Baldur’s Gate 3 uses Dungeons & Dragons 5E rules, which means every conflict is resolved via dice rolls, and this has drawn a polarizing response from fans due to the statistical knowledge it gives the player beforehand. This means players will always know the odds of hitting or missing, so they’ll be aware when they hit a 10% chance or miss a 90% shot.
A lot of tabletop RPGs use dice as a means of determining whether a player’s action will succeed or not. Baldur’s Gate 3 takes the dice rolling to the next level, with skill checks (such as trying to persuade a guard to look the other way) being played out with actual dice rolling on the screen. The player can also add modifiers during this stage, like using the Guidance spell or spending Inspiration to get a reroll.
Fans Polarized by Dice Rolls In Baldur’s Gate 3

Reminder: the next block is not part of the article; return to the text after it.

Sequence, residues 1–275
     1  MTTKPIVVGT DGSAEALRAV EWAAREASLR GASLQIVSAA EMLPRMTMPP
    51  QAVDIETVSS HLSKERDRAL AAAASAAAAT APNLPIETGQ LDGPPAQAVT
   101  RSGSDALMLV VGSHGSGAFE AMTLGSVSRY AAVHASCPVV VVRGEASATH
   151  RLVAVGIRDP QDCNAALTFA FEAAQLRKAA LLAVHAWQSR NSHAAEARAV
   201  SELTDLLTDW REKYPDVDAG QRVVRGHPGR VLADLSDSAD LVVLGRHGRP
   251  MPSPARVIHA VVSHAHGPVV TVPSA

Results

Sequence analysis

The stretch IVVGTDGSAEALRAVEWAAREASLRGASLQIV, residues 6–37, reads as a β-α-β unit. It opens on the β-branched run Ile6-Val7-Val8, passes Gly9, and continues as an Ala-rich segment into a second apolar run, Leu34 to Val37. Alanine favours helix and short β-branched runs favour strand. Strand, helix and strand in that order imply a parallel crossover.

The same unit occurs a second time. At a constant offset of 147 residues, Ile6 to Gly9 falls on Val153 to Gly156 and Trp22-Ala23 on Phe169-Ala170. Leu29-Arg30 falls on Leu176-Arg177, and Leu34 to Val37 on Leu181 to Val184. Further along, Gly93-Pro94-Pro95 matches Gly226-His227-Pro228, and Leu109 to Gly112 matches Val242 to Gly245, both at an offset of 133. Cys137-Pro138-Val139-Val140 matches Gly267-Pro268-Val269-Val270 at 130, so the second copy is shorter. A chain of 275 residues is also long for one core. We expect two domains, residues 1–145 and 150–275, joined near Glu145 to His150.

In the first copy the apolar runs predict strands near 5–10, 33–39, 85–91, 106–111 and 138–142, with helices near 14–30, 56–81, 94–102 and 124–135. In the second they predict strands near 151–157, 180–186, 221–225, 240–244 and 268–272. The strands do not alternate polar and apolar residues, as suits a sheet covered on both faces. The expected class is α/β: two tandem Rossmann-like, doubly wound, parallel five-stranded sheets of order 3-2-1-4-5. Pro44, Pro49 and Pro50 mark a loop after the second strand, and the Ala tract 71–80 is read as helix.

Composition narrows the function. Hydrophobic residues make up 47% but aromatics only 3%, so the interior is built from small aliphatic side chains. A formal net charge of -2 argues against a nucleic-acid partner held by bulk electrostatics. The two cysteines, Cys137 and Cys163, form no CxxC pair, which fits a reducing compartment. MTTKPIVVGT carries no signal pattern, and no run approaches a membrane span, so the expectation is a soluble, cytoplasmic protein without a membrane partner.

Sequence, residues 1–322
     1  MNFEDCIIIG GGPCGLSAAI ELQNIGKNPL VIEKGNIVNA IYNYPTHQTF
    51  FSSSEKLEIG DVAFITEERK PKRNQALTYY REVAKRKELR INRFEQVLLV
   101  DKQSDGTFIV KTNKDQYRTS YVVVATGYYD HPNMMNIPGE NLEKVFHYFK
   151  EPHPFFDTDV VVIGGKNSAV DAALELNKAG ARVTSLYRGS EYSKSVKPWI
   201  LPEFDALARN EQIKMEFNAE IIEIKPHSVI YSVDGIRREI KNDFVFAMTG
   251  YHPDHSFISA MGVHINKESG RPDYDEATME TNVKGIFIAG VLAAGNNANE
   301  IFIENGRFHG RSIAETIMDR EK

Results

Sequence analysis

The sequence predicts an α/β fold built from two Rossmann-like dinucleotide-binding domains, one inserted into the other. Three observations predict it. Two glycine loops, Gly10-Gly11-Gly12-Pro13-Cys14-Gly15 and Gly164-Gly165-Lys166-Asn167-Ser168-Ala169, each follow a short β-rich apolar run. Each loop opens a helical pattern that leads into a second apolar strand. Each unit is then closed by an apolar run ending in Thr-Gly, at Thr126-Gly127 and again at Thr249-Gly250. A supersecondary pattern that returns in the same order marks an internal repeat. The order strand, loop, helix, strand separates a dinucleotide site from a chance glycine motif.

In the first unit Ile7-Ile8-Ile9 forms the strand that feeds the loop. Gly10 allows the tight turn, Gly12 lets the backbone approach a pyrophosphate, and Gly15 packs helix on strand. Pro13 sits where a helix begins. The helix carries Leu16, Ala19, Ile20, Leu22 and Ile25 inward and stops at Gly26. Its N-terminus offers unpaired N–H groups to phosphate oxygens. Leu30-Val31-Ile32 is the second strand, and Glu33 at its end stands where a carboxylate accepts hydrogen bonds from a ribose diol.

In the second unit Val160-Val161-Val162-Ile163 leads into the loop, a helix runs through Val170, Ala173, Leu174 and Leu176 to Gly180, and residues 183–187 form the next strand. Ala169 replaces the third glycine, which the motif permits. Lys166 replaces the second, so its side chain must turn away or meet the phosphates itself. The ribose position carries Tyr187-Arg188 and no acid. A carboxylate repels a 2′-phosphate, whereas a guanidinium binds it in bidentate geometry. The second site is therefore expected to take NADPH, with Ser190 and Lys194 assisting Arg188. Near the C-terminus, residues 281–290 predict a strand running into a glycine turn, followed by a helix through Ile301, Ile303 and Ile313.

Baldur’s Gate 3 fans have taken to the game’s official Reddit page to share their feelings about the dice roll system. Many players have compared Baldur’s Gate 3 to the XCOM series, showing your chances of failing or succeeding in an action. Indeed, both games are similar in the rage they induce when you miss a 95% hit chance at close range.
This stands in contrast to other RPGs, such as the ones in the Final Fantasy series, where the player is aware of their weapon’s stats but is never quite sure of the chances of a hit or miss. The polarizing response in Baldur’s Gate 3 is part of the fun, as it’s always thrilling for a long shot to hit and frustrating when a sure thing fizzles out.
Players have also been sharing their advice on improving their chances of hitting in combat, such as avoiding using ranged weapons in melee range or striking from the high ground. There are many ways to tilt the odds in your favor, so long as you’re playing strategically, but there are no guarantees for rolling dice. You can stack the deck as much as you want, but the number 1 on a d20 is always there.
In my opinion, the dice rolling in Baldur’s Gate 3 is integral to the experience. Baldur’s Gate 3 is meant to be a video game adaptation of D&D, and the fear of unlucky dice rolls at a critical game is part of the heart of tabletop RPGs. You might want to tear your hair out when you miss a 95% shot, but that emotional rush can make a fight with a random group of goblins so engaging.